U.S. Senators John McCain (R-AZ), Jon Kyl (R-AZ), Lindsey Graham (R-SC), Kelly Ayotte (R-NH) and Marco Rubio (R-FL) today announced an effort to prevent across-the-board cuts to defense spending resulting from the failure of the Joint Select Congressional Committee on Deficit Reduction to reach an agreement.
"Defense funding should be driven by our national security needs, not by arbitrary fiscal arithmetic," the senators said in a joint statement. "Funding levels should be based on U.S. security objectives, which are defined by an assessment of our current and future threats and risks. We cannot responsibly allow across-the-board, draconian defense cuts to go forward at the expense of our national security. That is why we will work to identify other responsible offsets that will reduce the nation's deficit by means that do not endanger the security of the United States."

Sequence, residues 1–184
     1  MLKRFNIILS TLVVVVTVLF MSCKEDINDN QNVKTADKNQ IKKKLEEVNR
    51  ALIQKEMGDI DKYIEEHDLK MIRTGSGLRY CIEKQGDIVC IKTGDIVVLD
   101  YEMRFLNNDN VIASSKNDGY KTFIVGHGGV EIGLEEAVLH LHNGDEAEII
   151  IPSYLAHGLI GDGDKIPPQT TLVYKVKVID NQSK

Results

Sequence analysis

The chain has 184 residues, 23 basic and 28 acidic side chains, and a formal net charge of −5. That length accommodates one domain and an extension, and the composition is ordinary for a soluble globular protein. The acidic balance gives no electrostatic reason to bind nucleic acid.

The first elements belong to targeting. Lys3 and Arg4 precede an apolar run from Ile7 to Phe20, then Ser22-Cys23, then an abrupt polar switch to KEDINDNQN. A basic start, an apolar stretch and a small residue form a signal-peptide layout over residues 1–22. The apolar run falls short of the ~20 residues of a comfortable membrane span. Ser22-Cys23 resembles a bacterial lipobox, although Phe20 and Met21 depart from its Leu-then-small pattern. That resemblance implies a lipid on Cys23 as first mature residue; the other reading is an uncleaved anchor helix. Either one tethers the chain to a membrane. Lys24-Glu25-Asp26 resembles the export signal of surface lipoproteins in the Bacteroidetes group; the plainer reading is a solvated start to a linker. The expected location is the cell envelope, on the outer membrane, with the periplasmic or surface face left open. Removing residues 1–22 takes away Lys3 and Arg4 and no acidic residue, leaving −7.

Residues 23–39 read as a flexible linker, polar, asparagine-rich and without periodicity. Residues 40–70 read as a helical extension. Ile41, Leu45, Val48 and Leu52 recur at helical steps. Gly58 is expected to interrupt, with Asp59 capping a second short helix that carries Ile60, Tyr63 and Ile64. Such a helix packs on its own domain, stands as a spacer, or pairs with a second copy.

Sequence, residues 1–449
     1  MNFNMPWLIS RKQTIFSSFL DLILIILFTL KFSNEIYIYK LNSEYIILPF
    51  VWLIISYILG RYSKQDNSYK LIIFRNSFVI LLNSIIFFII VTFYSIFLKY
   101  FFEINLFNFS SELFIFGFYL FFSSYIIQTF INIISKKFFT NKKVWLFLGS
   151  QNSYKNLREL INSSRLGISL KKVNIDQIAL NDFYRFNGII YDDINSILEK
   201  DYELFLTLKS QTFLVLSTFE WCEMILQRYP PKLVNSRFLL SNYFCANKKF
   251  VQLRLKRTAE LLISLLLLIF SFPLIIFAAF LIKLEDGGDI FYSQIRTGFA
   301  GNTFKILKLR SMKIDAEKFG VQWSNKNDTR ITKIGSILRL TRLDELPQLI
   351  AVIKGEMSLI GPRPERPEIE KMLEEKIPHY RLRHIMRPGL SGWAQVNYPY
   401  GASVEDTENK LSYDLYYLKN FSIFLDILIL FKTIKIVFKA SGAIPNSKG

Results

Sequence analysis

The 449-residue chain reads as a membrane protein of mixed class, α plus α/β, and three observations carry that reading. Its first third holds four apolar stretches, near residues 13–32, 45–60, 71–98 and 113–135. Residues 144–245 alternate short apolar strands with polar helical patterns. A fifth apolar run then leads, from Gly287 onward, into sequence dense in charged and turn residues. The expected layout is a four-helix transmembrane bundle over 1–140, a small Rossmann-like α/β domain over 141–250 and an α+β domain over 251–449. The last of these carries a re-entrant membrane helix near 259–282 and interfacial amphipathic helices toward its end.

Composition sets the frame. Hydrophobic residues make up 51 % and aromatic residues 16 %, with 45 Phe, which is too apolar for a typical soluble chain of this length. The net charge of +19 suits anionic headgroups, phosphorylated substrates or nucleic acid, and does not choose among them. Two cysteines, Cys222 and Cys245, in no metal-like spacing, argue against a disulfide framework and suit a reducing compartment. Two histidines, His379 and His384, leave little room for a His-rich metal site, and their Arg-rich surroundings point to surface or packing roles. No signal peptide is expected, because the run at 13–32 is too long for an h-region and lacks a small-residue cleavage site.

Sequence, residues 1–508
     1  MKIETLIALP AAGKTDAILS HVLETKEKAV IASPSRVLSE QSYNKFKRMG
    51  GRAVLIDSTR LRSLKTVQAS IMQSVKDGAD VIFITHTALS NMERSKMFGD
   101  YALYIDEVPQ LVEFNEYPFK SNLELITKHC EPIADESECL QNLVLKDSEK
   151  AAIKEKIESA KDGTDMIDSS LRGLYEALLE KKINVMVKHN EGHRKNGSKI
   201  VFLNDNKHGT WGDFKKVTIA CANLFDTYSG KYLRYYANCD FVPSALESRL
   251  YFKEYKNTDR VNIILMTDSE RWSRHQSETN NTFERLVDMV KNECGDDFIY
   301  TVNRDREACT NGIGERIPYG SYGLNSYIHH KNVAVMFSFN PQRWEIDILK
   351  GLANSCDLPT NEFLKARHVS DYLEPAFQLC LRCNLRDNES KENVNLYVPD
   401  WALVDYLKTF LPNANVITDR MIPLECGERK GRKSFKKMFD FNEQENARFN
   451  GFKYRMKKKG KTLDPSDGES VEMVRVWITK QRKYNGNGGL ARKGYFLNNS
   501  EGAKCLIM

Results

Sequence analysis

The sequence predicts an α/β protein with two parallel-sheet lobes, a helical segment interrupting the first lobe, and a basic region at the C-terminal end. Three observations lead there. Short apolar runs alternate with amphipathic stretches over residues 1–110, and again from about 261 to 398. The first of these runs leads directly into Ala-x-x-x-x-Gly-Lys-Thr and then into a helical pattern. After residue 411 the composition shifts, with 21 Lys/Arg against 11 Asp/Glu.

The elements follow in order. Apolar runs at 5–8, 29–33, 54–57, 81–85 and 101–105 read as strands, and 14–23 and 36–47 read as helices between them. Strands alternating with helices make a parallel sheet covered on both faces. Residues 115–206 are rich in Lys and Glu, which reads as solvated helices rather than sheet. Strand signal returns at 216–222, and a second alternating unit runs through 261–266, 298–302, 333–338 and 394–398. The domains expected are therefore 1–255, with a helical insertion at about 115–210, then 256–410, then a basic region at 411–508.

Under the Budget Control Act of 2011, a temporary congressional panel was formed to identify $1.2 trillion in federal spending reductions. But because of Democratic insistence to increase taxes on the nation's job creators, the panel was unable to reach an agreement. That will result in automatic spending cuts of $1.2 trillion starting in 2013, split evenly between defense and domestic spending. This amount is in addition to the more than $450 billion the Defense Department already is required to cut over the next ten years.
Obama Administration Defense Secretary Leon Panetta recently likened the automatic defense cuts to "shooting ourselves in the head." He also went on to state that "[t]he reality is that [defense sequestration] will be devastating to the defense budget. It will hollow out the force. It will weaken our national defense. It will undermine our ability to maintain our alliances throughout the world. And, most importantly, it will break faith with troops and their families."
"There are hundreds of billions in spending cuts that the joint select committee, along with the group led by Vice President Joe Biden, identified that could be used to responsibly reduce spending and avoid a defense sequester," the senators continued. "Identifying $1.2 trillion in cuts over ten years across the entire federal budget shouldn't be a difficult task. We do not intend to prevent the $1.2 trillion in deficit reduction called for by the Budget Control Act from being achieved; but we do intend to do it in a more responsible way."